http://view.vzaar.com/1971665/flashplayer

(Or see it here: http://www.theworkofthepeople.com/making-god-in-our-own-image).

If we do not know God, then we cannot live fully imago dei.

Not only do we believe lies about who God is – but we believe lies about who we are and where we “should” be finding our identity.  These lies come from our society at large, the media, our families, our faith communities, etc.

Stop Shoulding Yourself

Lies make us feel as though we are less than, unworthy, freaks, frauds and failures.  While God loves us as we are and not as we should be, we get a different message from society.  We “should” find our worth in our accomplishments, appearance, education, gender, feminity or masculinity, occupation, race, sexuality, social networks, spirituality, wealth, etc.

The reason these lies are so ingrained in our psyches:  SOCIALIZATION.

We are socialized to believe certain lies about our identities through three processes:

1. Modeling (how we observe others behaving)
2. Overt Instruction (how we were instructed to behave)
3. Reinforcement (positive or negative responses to our behavior)

Our socialization results in cognitive lenses through which we understand the world and ourselves.

Socialization is POWERFUL.  Through our cognitive lenses, we learn to associate or assign meaning to words in a process that occurs in one-seventh-of-a-millionth second.

For example: when we hear “woman” we may associate that (in less than one- seventh-of-a-millionth second!) with “helper.”  This association comes from the most common translation of ezer from the Creation account.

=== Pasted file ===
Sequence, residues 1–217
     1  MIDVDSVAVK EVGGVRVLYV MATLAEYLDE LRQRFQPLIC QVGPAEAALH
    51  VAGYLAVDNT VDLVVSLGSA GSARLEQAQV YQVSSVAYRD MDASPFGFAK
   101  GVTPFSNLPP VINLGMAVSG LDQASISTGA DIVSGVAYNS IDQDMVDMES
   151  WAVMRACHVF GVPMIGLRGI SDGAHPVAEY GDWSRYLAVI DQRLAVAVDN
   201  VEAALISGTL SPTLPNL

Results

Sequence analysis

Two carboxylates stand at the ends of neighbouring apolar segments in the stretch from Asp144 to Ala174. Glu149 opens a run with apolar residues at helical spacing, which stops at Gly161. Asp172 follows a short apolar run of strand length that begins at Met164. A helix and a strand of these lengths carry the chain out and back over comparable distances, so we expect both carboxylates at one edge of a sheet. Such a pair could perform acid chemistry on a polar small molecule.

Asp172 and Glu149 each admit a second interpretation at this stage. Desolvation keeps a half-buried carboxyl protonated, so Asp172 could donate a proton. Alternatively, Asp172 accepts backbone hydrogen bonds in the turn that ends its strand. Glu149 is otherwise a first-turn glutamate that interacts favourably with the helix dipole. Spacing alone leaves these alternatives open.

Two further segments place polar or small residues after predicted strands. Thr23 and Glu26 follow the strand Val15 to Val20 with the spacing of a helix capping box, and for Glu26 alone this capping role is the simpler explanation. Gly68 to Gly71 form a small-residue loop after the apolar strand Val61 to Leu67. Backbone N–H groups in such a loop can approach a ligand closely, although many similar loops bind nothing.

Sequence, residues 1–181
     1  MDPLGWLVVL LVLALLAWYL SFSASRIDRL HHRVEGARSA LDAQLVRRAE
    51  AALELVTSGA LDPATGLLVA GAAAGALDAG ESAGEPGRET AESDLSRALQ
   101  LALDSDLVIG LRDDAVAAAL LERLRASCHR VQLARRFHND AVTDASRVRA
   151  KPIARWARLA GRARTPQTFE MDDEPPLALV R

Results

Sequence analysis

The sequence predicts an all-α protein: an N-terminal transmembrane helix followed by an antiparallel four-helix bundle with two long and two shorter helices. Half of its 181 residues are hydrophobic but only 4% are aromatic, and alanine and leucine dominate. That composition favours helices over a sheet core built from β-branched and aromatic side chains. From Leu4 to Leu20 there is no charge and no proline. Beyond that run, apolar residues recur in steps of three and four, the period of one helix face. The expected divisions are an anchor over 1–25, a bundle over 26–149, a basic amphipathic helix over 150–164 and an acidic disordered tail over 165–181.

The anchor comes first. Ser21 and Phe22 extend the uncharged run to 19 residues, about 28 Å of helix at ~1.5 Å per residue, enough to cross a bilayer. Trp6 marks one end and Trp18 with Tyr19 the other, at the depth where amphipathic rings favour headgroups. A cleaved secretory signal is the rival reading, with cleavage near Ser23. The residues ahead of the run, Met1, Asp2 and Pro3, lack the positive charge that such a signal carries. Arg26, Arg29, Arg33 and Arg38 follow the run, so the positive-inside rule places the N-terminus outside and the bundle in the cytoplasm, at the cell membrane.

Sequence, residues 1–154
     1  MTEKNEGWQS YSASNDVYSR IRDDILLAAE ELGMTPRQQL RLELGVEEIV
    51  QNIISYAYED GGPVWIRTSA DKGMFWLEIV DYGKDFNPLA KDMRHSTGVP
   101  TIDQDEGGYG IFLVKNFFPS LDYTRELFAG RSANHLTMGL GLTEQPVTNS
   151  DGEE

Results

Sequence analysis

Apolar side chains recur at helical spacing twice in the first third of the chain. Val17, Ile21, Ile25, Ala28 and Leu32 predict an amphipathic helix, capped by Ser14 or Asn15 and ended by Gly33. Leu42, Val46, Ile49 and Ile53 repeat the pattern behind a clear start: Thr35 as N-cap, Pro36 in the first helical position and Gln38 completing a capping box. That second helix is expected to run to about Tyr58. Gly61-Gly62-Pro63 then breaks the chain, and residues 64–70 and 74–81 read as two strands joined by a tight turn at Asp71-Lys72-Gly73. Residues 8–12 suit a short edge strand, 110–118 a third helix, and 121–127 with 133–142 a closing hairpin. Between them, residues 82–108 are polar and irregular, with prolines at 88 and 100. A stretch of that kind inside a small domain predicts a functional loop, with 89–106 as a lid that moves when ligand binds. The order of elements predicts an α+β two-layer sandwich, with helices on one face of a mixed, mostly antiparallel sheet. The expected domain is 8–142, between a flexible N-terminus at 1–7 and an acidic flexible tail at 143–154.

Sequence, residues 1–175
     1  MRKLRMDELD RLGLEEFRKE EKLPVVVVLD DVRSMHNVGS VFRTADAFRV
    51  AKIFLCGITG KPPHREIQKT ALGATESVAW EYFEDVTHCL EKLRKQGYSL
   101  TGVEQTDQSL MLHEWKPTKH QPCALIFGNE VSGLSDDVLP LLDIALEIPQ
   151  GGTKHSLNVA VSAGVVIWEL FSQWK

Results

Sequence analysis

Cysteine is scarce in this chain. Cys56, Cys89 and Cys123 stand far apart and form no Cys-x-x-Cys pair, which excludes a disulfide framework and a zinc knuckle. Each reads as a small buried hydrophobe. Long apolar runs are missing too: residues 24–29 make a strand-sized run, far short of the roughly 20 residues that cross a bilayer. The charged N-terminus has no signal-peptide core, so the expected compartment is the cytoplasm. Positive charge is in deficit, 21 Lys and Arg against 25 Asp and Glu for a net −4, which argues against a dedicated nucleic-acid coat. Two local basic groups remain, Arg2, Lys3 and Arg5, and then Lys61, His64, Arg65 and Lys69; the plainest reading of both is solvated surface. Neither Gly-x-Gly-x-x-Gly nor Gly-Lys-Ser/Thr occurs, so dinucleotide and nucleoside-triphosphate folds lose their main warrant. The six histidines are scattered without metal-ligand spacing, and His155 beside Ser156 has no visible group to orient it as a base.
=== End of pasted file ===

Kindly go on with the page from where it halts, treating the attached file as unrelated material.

Then the LORD God said, “It is not good for the man to be alone; I will make him a helper suitable (ezer kenegdo) for him.'” Genesis 2:18

Early translators viewed the Bible from a cognitive lens of gender hierarchy as God’s design (through the influence of St. Augustine’s writings, who describes Plato–a philosopher who saw educated, wealthy men as the pinnacle of society who ought to govern over the women, slaves and children–as the lens through which he understood the Bible).  So although other instances of ezer throughout the Old Testament show God swooping in as a warrior in battle to “help” turn the tide towards victory, the translation chosen denotes subjection and male authority.  A truer translation of ezer kenegdo would be “corresponding strength,” with Eve as co-warrior alongside Adam.  As women, we have valuable strength to contribute to our churches, families, and communities.

These are helpful questions to begin to peel away the onion-layers of lies that have influenced our identity formation:

What are my cultural lenses?
What has my role modeling been?
What has my instruction been?
What has my reinforcement been?
How has my socialization impacted my search for identity – the purpose, meaning and goal of my life?